EU vs developing Countries, Dirty Tax War

The European Union has proposed a Carbon Border Adjustment Mechanism (CBAM) to reduce greenhouse gas emissions and push its trading partners to decarbonize their manufacturing industries. The CBAM will be implemented in two phases. Starting from October 1, 2023, exporters of steel, aluminum, cement, fertilizers, hydrogen, and electricity, including India, will have to share emission data with the EU. From January 1, 2026, the EU will begin collecting CBAM as an import tariff from “Dirty” goods. The CBAM tax is estimated to be a 20-35% tariff equivalent, which is far higher than the EU’s average import tariff of 2.2% for manufactured products, says a report by the Global Trade Research Initiative (GTRI), a New Delhi-based think tank.
CBAM is expected to heavily impact India’s iron, steel, and aluminum exporters, as 27% of the country’s exports of these products go to the EU, amounting to $8.2 billion in CY 2022. By 2034, the EU plans to expand CBAM to all items. Several advanced economies, including the US, the UK, and Japan, are considering imposing similar carbon taxes on imports.
“India sees CBAM as protectionist rather than climate intervention and is looking for ways to counter it. However, the irony is that CBAM revenues will go to the EU’s budget. In other words, CBAM is a way of making higher tax on imports from developing countries and fund the EU’s climate transition”, says RV Anuradha, an expert in international economic and environmental laws.
At the Peterson Institute for International Economics (PIIE) in Washington, DC, on April 10, Finance Minister Nirmala Sitharaman criticized the EU for crafting a policy that would enable an additional flow of funds from developing nations to the EU. The FM said, “So, my non-green steel is okay for you as long as I pay extra. That extra is not coming for me to convert my dirty steel into green steel, whereas I am given the comfort that ‘you may export to me (EU) and I will buy the dirty steel if you pay more. And what will I (the EU) do with that money? I will convert my dirty steel to green steel’.” Through CBAM, the EU is saying that any country wishing to export to the EU needs to replicate its requirements for emission reductions and pay the price for carbon emissions as determined by the EU. She also said “I am sorry to speak like an activist, but that’s how it looks”.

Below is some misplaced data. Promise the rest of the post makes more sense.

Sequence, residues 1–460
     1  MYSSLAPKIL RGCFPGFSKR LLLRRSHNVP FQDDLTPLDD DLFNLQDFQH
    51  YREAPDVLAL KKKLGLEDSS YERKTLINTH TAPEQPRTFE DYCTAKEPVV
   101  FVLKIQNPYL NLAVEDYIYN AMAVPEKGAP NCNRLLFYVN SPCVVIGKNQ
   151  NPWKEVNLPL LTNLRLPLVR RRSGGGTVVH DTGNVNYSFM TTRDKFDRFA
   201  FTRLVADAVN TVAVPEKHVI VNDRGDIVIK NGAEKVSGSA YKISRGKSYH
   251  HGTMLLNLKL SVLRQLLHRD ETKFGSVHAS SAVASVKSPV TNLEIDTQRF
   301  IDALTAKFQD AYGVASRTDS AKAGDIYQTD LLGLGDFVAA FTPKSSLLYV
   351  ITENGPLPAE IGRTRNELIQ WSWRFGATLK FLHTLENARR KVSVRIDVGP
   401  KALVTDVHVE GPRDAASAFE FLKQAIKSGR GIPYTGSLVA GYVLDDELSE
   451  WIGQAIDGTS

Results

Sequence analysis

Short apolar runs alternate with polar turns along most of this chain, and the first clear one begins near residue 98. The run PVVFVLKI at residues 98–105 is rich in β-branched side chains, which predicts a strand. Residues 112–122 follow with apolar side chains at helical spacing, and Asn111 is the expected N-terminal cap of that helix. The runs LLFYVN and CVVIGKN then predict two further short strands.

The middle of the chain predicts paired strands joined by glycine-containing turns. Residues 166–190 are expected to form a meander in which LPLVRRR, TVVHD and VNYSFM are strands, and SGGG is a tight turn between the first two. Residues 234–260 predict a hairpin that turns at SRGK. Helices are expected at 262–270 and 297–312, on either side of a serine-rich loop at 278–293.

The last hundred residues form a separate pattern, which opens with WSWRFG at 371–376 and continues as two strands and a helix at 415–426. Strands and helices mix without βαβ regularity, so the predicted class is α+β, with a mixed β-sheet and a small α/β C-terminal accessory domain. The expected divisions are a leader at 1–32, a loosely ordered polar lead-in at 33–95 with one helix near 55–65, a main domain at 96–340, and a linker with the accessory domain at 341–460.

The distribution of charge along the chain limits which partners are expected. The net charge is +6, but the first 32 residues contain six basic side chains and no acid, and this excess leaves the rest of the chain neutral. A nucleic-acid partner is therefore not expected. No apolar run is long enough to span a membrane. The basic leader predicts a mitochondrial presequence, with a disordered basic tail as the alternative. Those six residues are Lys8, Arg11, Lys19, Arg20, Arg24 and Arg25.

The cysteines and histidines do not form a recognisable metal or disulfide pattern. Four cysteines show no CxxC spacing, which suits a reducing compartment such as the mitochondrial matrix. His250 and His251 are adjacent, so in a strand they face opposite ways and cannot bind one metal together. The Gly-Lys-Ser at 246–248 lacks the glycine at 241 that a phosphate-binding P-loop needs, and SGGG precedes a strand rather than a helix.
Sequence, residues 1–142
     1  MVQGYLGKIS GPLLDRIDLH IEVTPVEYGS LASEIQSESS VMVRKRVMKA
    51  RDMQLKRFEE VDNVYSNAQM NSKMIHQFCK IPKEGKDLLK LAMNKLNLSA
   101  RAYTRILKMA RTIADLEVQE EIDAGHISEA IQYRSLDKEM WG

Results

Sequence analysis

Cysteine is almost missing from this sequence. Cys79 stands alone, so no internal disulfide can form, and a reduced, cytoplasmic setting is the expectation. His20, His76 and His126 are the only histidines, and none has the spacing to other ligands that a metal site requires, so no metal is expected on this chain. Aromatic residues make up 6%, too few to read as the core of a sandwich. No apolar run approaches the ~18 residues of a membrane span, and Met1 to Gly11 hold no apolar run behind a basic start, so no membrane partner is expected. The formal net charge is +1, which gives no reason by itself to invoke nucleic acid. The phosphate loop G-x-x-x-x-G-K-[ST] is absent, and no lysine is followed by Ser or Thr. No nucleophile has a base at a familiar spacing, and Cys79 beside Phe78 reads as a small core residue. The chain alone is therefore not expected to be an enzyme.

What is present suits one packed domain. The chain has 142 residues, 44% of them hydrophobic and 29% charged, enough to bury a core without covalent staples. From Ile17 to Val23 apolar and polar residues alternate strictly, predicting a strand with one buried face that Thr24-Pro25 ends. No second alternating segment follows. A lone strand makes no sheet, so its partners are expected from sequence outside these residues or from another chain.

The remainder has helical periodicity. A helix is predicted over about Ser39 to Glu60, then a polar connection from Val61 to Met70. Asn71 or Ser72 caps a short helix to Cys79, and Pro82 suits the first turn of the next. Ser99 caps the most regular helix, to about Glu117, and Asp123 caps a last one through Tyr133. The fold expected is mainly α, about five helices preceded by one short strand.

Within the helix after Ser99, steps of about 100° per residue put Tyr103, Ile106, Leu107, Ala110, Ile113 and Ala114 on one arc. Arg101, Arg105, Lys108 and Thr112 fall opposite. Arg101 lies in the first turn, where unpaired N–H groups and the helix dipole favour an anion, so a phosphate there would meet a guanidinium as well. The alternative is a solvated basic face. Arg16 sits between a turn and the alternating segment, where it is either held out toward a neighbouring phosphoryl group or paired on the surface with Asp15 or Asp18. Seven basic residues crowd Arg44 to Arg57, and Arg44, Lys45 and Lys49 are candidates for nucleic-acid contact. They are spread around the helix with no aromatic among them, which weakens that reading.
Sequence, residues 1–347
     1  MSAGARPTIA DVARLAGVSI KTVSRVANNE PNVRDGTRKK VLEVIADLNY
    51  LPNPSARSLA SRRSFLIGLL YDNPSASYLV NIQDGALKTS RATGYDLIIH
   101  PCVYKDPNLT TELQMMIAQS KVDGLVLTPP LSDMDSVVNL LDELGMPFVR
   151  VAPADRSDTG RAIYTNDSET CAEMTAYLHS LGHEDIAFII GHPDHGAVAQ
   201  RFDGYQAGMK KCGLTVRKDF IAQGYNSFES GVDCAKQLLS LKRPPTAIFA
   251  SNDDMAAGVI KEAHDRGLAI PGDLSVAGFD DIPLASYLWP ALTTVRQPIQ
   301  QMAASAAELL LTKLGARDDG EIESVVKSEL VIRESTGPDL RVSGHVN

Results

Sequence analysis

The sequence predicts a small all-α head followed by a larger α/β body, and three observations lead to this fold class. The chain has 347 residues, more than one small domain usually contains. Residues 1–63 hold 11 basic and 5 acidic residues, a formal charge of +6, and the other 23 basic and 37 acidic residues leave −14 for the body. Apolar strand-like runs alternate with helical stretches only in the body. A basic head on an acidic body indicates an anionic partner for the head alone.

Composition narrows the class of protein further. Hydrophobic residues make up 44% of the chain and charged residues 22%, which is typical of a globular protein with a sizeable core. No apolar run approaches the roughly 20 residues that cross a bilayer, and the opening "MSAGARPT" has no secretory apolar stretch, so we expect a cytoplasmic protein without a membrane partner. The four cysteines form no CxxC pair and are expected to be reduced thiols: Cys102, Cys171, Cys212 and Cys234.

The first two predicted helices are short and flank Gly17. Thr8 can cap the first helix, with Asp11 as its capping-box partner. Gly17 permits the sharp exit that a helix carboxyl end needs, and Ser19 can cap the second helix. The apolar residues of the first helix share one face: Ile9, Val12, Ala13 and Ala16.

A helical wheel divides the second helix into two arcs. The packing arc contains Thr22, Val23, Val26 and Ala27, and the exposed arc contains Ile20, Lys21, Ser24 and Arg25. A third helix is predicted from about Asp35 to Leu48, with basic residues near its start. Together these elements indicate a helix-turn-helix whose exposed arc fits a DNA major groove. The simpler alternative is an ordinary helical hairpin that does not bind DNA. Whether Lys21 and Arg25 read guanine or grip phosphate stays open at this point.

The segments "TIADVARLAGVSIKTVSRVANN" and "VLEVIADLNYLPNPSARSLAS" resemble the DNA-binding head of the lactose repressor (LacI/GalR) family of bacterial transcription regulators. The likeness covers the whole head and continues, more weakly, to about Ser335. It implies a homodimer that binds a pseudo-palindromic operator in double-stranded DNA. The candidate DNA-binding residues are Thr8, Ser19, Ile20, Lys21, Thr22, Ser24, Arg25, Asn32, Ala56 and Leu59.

Once the policy kicks in, exporters to the EU, such as the Steel Authority of India and Vedanta, will have to bear a substantial additional burden. This could have a significant impact on India’s export growth. Ajay Srivastava, founder of GTRI and former Indian trade service officer, believes that CBAM should be the top agenda for India’s free trade agreement negotiations with the UK, EU, and Canada. “Carbon border tax will make FTAs with developed countries one-sided”. For example, 85% of India-Japan trade occurs at zero import duties. When Japan implements such a tax, Japanese products will continue to enter India at zero duties. Still, Indian products must start paying high carbon tax even though regular customs duties are zero (due to the FTA).”
“India should adopt a similar measure like CBAM but the formula should be per capita carbon emission and not total emission,” says Abhijit Das, former head of the Centre for WTO Studies, New Delhi.
Despite India not being a big polluter on per capita basis — its per capita emissions are lower than the world average — it has promised to achieve net zero emissions by 2070. Yet when it comes to the EU’s carbon tax, India is opposing it tooth and nail. As experts have pointed out, the very foundation of the carbon tax — that the EU will accept dirty steel or aluminium a long as it is bundled with some euros — is faulty. And if those euros are deployed to clean Europe’s dirty industries, it is tantamount to reverse climate financing from a poor nation to a rich bloc.

– Sourced from: The Economic Times (Apr 23, 2023)